That explanation from the White House is directly at odds with what President Trump had said on the campaign trail – in early August of 2016, he did an interview with KUSA-TV in Denver, where Mr. Trump made clear he thought the states should be allowed to legalize pot.

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“You think Colorado should be able to do what it’s doing?” reporter Brandon Rittiman asked the GOP nominee about the Colorado law that allows people 21 and over to legally have up to one ounce of marijuana.

“I think it’s up to the states, yeah. I’m a states person,” Trump said. “I think it should be up to the states, absolutely.”

In October of 2015, Trump was asked about marijuana at a rally in Nevada, where he said he was all for medical marijuana, and then addressed recreational use.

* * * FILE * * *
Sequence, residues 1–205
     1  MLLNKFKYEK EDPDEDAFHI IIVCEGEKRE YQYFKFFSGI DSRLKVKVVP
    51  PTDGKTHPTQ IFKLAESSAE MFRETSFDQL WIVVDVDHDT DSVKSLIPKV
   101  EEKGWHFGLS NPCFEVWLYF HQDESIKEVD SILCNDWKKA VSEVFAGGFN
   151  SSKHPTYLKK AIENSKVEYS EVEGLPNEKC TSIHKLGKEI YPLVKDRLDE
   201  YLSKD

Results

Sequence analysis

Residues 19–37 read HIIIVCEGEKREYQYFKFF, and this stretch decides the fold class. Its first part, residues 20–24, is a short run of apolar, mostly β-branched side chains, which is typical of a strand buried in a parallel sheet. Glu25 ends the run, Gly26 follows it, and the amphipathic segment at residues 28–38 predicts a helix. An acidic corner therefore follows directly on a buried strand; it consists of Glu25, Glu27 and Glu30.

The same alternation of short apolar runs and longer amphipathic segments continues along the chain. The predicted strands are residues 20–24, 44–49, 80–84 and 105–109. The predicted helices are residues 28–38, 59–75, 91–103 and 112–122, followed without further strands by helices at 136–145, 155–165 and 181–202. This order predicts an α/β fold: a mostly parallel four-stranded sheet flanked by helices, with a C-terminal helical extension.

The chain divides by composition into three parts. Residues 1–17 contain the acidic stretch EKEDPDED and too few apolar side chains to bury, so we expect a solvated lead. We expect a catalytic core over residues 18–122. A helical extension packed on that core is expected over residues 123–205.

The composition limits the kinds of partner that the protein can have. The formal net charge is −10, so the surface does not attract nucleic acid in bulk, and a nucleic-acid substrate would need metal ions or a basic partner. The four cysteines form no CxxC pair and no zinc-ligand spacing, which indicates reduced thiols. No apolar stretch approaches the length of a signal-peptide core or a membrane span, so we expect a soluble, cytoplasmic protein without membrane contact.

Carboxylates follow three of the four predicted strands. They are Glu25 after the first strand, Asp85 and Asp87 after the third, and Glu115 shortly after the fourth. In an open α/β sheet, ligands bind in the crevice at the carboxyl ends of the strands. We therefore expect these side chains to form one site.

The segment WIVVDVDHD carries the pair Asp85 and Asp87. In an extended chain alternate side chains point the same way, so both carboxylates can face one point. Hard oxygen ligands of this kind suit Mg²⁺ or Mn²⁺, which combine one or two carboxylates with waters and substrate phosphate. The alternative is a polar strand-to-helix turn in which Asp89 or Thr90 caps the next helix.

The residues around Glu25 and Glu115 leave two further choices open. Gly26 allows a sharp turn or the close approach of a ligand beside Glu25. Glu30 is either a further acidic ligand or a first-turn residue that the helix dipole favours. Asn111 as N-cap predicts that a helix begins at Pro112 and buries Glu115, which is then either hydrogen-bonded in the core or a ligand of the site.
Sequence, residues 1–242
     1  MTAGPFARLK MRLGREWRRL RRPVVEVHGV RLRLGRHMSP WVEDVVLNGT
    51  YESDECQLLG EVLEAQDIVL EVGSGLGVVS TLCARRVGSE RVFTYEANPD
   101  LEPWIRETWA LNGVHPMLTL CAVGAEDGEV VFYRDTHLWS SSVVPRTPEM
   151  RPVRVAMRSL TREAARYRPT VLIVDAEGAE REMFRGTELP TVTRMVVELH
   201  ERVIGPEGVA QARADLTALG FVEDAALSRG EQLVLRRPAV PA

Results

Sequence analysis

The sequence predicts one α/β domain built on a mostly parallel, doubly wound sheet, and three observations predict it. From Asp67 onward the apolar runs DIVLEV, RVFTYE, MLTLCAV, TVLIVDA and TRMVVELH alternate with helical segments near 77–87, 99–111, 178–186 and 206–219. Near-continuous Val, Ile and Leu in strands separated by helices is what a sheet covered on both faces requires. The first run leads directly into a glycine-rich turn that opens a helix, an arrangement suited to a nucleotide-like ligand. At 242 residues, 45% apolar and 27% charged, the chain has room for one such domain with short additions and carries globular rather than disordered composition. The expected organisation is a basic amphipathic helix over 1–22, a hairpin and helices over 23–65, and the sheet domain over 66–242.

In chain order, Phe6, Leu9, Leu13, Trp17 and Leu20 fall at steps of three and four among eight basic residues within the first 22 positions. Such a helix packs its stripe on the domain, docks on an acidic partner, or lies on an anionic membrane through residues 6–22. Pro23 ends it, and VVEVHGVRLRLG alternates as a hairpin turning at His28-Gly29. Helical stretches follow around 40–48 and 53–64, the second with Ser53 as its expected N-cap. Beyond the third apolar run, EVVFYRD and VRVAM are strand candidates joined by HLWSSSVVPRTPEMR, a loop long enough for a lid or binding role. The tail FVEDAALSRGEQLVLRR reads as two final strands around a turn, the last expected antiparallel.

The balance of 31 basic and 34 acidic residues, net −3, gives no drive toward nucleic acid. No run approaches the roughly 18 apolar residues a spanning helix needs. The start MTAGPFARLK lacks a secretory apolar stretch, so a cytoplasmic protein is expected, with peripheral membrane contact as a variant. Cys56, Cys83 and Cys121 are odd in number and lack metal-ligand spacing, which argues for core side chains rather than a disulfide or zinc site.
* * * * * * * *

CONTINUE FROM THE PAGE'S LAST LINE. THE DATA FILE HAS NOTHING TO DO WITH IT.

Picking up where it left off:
“And then I really believe you should leave it up to the states; it should be a state situation,” Trump said.

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Nevada was one of four states to approve recreational marijuana use in the 2016 elections, along with California, Maine and Massachusetts, joining Colorado and Washington State.

It’s unclear how the Justice Department might shake things up in those states, in what would be a U-turn for President Trump on recreational marijuana use.

John Boehner: Repealing Obamacare just ‘happy talk’

Published: Thursday, February 23, 2017 @ 1:58 PM
Updated: Thursday, February 23, 2017 @ 1:58 PM

John Boehner: Repealing Obamacare just ‘happy talk’

Despite repeated Republican pledges to scrap the 2010 health law, former House Speaker John Boehner said most of the law known as Obamacare “is going to stay there” because GOP lawmakers have never agreed on what to replace it with.